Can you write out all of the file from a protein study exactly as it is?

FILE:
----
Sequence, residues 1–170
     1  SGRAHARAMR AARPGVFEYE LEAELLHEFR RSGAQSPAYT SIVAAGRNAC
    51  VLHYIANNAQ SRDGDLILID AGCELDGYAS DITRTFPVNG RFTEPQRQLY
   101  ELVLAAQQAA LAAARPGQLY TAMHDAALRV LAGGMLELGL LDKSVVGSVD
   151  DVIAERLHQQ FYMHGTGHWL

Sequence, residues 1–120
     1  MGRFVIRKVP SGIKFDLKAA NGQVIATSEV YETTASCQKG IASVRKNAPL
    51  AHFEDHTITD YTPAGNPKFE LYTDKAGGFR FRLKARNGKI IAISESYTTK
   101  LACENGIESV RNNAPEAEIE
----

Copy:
Sequence, residues 1–170
     1  SGRAHARAMR AARPGVFEYE LEAELLHEFR RSGAQSPAYT SIVAAGRNAC
    51  VLHYIANNAQ SRDGDLILID AGCELDGYAS DITRTFPVNG RFTEPQRQLY
   101  ELVLAAQQAA LAAARPGQLY TAMHDAALRV LAGGMLELGL LDKSVVGSVD
   151  DVIAERLHQQ FYMHGTGHWL

Sequence, residues 1–120
     1  MGRFVIRKVP SGIKFDLKAA NGQVIATSEV YETTASCQKG IASVRKNAPL
    51  AHFEDHTITD YTPAGNPKFE LYTDKAGGFR FRLKARNGKI IAISESYTTK
   101  LACENGIESV RNNAPEAEIE